They Don't Make Them Like This Anymore
It used to be a network TV miniseries was a big deal. All the production value of a season-long show compressed into a few super-sized episodes. Kind of like what we have on cable now. Back in the early 1980s, ABC had the clout to attract big name actors like Peter O'Toole, Peter Strauss, and David Warner[ref]who won an Emmy[/ref], as well as film composer Jerry Goldsmith[ref]also won an Emmy for Episode II[/ref] to a four episode, six-hour series called Masada. In the mode of sword and sandal epics, it employs a cast of hundreds, plus animals, expansive sets, and gigantic Roman siege engines.
The story resembles the Alamo in ancient Palestine. In the early years of the Common Era (CE), Judea[ref]Previously subsumed by the Babylonians, the Assyrians, and the Persians, among others[/ref] was a province of the Roman Empire. From 66-73 CE, the Jews revolted against Roman rule. It didn't go well- Jerusalem was sacked, the Second Temple was destroyed, and the Empire's control remained.[ref]The end of The Last Temptation of Christ, when Jesus begs to be put back on the cross (sorry, spoilers), crawling among chaos and burning buildings, takes place here.[/ref]
Masada picks up at the end of the Revolt. The region has been pacified, and the Tenth Legion, commanded by Lucius Flavius Silva (Peter O'Toole) is finally preparing to go home. But a band of Jewish hold-outs tries to keep the fight going. They're led by Eleazar ben Ya'ir (Peter Strauss), a Zealot, who wants independence from Rome. Silva's one last mission is to lay siege to their stronghold, a fortress on top of a cliff called Masada.
There's a lot to recommend here. O'Toole is great- he says more with a tilt of his heads than most actors say with a long soliloquy. Scenes where Silva and Eleazar can play off each other are also nice- neither one is a villain, but their attempts to resolve things peacefully are doomed to failure.
Anthony Quayle is Rubrius Gallus, a Roman engineer tasked with getting Roman troops up the side of the cliff. Incidentally, it's not the first time he and O'Toole have had an adventure together in the desert.[ref]That would be Lawrence of Arabia.[/ref]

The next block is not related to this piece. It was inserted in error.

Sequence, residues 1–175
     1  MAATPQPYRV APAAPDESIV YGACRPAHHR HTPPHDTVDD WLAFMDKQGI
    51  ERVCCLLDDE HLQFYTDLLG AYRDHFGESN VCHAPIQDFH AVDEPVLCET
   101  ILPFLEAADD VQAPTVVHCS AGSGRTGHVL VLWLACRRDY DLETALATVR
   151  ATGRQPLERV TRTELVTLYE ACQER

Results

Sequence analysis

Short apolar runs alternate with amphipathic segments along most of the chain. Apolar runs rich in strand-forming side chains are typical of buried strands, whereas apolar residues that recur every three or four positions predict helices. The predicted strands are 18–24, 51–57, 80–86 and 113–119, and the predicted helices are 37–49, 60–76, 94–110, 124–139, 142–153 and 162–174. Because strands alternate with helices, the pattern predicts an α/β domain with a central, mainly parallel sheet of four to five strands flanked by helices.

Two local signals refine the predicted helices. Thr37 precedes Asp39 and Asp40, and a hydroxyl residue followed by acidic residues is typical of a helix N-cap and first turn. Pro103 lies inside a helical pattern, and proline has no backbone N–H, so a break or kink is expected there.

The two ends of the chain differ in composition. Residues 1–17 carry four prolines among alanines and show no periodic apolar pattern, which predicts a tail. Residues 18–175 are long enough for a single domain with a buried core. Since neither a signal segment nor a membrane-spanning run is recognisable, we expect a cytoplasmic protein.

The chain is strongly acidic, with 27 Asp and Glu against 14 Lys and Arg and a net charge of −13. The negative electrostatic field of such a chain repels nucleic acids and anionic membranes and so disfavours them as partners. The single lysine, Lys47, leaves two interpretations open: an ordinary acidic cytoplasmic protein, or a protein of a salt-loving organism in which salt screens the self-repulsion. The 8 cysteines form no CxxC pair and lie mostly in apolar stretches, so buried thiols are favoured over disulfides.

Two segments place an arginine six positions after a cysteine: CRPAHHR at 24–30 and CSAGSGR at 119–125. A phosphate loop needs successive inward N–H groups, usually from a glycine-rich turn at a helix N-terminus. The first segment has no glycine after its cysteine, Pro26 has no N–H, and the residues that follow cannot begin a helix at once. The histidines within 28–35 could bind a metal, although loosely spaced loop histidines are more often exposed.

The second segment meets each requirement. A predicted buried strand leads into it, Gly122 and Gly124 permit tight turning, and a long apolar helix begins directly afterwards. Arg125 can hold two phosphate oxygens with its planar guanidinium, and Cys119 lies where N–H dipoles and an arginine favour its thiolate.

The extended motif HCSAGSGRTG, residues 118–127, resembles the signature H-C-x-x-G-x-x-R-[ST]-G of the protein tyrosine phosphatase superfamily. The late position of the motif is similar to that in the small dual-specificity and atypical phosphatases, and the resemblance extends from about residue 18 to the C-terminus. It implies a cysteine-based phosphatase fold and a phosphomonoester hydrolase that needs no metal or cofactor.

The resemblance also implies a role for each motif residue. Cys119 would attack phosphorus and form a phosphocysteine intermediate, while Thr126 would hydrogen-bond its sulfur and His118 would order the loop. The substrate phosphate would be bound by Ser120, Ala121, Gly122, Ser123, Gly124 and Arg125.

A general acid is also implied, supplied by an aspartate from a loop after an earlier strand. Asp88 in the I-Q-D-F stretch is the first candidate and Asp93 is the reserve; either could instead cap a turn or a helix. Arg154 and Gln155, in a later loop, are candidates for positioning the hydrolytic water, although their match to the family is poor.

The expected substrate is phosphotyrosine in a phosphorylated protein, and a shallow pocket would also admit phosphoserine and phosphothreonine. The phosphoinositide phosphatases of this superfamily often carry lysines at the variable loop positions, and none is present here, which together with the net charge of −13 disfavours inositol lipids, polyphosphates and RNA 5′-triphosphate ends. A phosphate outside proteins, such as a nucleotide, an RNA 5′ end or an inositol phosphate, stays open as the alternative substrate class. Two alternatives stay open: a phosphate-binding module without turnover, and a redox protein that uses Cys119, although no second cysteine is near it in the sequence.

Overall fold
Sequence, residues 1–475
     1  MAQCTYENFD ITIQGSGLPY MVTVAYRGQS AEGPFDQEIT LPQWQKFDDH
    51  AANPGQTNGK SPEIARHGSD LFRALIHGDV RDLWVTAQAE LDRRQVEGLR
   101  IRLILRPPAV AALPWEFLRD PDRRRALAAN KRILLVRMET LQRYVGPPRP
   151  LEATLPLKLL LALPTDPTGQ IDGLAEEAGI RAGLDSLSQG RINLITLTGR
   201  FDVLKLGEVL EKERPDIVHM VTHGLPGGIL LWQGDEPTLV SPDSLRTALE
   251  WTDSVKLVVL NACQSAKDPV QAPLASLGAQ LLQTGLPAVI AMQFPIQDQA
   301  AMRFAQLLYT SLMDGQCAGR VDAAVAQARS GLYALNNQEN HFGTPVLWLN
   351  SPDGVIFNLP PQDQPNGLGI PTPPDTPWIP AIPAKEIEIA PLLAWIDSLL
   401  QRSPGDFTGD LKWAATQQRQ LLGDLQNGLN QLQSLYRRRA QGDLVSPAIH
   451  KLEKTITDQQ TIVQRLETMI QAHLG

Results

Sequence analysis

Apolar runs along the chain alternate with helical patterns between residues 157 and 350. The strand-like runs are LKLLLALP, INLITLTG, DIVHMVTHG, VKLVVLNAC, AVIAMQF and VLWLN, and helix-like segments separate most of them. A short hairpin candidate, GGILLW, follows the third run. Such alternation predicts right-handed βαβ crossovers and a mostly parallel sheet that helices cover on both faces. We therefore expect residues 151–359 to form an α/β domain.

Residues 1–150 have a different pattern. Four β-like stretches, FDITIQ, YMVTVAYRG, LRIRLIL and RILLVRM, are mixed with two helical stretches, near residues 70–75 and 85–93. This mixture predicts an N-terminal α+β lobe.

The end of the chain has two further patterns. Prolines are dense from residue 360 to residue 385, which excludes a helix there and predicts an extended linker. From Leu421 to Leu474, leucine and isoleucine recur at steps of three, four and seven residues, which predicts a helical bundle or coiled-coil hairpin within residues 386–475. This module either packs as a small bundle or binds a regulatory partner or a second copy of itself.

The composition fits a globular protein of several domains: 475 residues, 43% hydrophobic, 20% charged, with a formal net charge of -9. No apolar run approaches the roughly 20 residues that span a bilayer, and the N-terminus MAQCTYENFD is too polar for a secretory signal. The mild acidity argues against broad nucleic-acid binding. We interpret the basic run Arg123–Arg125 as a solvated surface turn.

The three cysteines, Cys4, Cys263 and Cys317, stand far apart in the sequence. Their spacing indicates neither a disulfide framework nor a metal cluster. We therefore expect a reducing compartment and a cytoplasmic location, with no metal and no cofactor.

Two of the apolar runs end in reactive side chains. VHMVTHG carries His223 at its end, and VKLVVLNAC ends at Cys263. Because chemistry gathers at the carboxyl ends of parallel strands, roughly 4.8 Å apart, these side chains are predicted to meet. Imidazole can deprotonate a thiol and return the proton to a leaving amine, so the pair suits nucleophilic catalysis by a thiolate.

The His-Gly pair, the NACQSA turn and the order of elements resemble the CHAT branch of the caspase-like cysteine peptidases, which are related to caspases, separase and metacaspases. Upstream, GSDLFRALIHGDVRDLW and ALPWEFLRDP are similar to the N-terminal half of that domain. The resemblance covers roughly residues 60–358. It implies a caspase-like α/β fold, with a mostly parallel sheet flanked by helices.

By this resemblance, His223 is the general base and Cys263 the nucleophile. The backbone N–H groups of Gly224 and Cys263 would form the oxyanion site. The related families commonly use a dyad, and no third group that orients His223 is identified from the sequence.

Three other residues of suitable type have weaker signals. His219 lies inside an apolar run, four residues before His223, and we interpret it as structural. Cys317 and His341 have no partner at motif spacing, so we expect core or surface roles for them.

The music is incredible. The easiest excerpt to find is a rousing march that's been re-recorded several times. Personally, I think Goldsmith won his Emmy in the first ten minutes of Part II, during the title sequence, as the Romans march to the fortress: The plucky, melodic theme for the Jews is contrasted by the brassy, percussive fanfare of the Romans. It was also cool to hear the Roman's theme repeated in the fanfares played by characters within the story.[ref]We'd call this source music, or diegetic music.[/ref]
There are the usual issues of dramatizing a historical event. This one, in particular, has very few sources to draw from, so there are gaps that need to be filled in. A history lesson this is not.
The pacing is slow, especially by today's standards. The siege itself doesn't get started until the second episode. It's six hours long, for crying out loud. David Warner's treacherous Pomponious Falco is played as a thinly-veiled villainous homosexual- he promoted his masseuse to be his secretary and later catapults Jewish slaves into the cliff face. He might as well have a limp wrist and listen to show tunes. I doubt this would fly today.
Silva is by far the most interesting character in the whole bit. He even has an affair with a Jewish woman, Sheva (Barbara Carrera), who has fled lecherous legionnaires. Driven by his devotion to Rome, he is forced to choose the least bad option for the good of the Empire. Naturally, we spend the most time with him.
But this means Eleazar and his fellow Jews don't have much to do[ref]Especially in Part III.[/ref] until the end of the story.
And that ending is really frakking uncomfortable: rather than be captured or killed by the Romans when they storm the gate, they commit mass suicide instead.
There are a lot of problems with this- but they'll have to wait until next week.